I’m sure I’m not the only one who saw this, but on the weather channel they had a video taken by a family in Glacier where they were walking along the trail and a Griz (or what appeared to be one) was coming the opposite direction. They backed away, but did not use their bear spray because they were worried that they might “agitate” the bear.
I don’t really follow the logic of carrying something to stop an attack if you think that it might actually trigger one, and JMO, it seems like a valuable opportunity wasted to have not made a lasting impression on the bear in question (regardless of species).
I’m just crazy enough to think that if more bears got pepper-sprayed, there would be lower mortality/casualties among humans and bears alike.
Won’t argue that! If I ever buy it in the woods, I just hope I do it in such a way that doesn’t give me a lot of time to contemplate what a dumbass I had been to cause it to end that way…
Having my head in a bears mouth. Not so much.
Now the guide (Lou) on the other hand has to deal with the son and the gentleman’s body. So the hunter got off easy. Lou is the one I don’t envy in that story.
We lost a gentleman from California on the Lhotse Face, and we had him rolled up in his bag for 3 days while his wife made arrangements to retrieve his body and ship it home.
for $3000 they would drag you down and burn your carcass. I went for the free option if I was in that position and low enough in elevation
Just roll me into a crevasse or out of view.
I might not do this alone anymore. True odd are rare - but it is deceptive. Tons of hunters in WY. However - WY has a very low population. Just over a half million people live in WY. When the Cavs won the championship in Cleveland Oh a few years ago it is estimated almost 1.5 million people attend the parade. That is 3x the population of the entire state of WY.
Now single out hunters AND only hunters around the Yellowstone area of WY - where most of the griz are and suddenly the low odds of attack multiple by well over 100 fold from what you would think. Attacks are on the rise. Latest one rescue helicopter could not get to the guy. Where I have hunted is for sure as bad or worse terrain so my PLB is just telling them where to retrieve my body. 3 victims in latest WY attacks likely would have dies if alone.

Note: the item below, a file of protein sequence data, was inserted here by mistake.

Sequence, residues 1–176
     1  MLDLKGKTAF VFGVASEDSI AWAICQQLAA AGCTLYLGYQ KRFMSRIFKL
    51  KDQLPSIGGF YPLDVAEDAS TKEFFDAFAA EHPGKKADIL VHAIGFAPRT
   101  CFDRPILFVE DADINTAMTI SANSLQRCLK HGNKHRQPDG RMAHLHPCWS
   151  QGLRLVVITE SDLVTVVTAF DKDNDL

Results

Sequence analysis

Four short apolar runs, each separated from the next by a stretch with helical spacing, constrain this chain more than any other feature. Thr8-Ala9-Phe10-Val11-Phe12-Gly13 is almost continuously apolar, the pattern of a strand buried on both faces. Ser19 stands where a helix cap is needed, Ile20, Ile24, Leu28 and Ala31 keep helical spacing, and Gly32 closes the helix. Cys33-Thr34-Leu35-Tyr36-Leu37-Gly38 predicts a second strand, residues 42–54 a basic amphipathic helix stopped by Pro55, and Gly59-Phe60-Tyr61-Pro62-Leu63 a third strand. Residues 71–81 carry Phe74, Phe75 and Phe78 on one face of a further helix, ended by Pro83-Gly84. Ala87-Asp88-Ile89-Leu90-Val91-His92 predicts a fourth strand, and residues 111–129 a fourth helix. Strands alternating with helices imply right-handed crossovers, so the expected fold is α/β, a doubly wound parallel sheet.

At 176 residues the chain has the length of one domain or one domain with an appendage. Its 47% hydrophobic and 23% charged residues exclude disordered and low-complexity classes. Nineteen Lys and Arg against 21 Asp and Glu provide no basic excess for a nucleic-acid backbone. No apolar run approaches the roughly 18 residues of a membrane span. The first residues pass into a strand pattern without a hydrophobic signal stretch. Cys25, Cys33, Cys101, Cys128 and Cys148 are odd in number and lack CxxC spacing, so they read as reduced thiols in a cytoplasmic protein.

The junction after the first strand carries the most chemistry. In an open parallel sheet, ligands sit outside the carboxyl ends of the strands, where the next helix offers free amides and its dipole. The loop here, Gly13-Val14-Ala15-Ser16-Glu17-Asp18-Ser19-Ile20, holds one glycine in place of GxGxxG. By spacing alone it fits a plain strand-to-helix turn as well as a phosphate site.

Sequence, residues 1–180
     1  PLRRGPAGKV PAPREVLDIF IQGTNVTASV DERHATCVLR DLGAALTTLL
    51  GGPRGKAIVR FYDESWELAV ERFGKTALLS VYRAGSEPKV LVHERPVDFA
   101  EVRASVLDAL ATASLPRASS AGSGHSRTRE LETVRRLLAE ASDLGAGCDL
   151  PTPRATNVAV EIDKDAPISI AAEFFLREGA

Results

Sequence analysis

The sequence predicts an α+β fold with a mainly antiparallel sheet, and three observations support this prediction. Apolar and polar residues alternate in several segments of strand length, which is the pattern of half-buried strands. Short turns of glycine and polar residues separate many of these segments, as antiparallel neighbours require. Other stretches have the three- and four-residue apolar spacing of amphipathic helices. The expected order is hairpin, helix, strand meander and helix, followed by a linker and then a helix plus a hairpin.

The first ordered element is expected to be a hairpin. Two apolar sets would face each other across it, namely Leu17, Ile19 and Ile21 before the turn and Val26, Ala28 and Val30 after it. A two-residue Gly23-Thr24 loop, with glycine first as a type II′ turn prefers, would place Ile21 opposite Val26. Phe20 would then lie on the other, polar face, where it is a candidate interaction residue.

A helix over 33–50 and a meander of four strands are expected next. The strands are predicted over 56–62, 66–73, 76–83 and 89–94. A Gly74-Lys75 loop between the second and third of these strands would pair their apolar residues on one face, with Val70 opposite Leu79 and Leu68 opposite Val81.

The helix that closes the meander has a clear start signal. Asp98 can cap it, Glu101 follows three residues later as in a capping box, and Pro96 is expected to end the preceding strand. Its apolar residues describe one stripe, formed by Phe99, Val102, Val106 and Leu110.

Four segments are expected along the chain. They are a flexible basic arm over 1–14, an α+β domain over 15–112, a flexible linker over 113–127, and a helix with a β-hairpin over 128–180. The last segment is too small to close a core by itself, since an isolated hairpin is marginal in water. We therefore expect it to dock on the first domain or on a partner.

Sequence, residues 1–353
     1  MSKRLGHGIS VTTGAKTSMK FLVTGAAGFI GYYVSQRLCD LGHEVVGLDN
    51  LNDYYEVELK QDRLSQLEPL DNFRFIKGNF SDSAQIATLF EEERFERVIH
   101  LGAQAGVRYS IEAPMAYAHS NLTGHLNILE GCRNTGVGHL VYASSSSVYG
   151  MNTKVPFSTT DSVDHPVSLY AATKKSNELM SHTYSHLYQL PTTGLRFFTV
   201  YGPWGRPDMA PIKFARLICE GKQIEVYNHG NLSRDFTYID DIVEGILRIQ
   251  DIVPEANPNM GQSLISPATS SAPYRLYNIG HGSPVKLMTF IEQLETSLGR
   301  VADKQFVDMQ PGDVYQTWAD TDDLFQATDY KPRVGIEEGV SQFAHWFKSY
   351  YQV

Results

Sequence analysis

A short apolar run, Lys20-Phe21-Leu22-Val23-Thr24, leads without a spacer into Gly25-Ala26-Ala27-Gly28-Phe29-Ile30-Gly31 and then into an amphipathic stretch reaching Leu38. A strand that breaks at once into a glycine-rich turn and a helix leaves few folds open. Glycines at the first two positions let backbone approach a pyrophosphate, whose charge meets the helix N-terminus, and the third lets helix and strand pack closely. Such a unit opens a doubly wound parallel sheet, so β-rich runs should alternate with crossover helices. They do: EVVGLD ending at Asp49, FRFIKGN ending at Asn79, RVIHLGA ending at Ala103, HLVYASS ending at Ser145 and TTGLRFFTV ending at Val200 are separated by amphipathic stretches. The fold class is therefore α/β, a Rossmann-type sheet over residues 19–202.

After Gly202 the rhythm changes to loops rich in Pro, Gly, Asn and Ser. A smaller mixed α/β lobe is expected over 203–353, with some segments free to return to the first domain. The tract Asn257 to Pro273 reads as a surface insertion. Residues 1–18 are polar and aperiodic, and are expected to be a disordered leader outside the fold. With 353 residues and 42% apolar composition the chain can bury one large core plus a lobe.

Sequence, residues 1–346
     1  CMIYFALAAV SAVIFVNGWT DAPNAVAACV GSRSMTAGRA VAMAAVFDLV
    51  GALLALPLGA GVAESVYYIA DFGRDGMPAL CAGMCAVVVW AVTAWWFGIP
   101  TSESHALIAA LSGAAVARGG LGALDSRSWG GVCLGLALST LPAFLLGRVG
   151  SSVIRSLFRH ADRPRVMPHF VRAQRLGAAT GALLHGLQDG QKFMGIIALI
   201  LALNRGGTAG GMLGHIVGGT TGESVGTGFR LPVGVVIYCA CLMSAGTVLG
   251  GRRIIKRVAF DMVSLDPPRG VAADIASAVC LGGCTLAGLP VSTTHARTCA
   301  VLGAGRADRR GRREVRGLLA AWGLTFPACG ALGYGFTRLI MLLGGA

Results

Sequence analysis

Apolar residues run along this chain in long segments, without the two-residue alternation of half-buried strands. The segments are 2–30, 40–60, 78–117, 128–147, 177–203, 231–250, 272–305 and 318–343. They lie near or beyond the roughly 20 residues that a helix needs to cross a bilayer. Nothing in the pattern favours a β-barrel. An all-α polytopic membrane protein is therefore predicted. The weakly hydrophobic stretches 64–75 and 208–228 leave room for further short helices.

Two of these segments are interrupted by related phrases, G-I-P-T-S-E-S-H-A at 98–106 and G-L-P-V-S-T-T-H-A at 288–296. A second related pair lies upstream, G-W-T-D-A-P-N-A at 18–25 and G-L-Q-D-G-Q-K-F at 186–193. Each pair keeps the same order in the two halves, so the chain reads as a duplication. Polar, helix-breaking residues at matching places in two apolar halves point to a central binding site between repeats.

The local bio told me one guy saw 40 griz in the high country one time.
WY attacks on hunters are happening more and more.
At what point do you decide to avoid this scenario. For me this might be it. I was just alone there for 18 days - but if possible I might not do this every again. I promised my fiancee and kids I would not take risks. Going there again would be breaking my promise.
Please keep in mind how few hunters are in this area of Wyoming. Yes it is unlikely but the odds are not as low as you think.
I might moose hunt this area in the next few years, only because I can get a tag. I will try to get a tag in another area but might not be able to, this is my only chance to hunt Shiras moose.
Unless you have spent a week or more covering a lot of ground and glassing this area it is tough to understand the amount of griz.
To each his own. My kids need me and it would be very selfish of me to take myself out of their lives at this point.
My personal choice is not to hunt the areas in WY with lot's of griz alone anymore if at all possible. I have spent about 6 weeks, alone, in these exact areas in the past decade.
Sorry to ramble but please keep in mind this is just a small corner of WY - really small once you remove YNP. Now factor in how few hunters there are - and hunting alone with zero chance of help from others. Now, as others mentioned, there are good ways to die, and there are "grizzly" ways to die. I think I will try to avoid the grizzly ways to die in the future.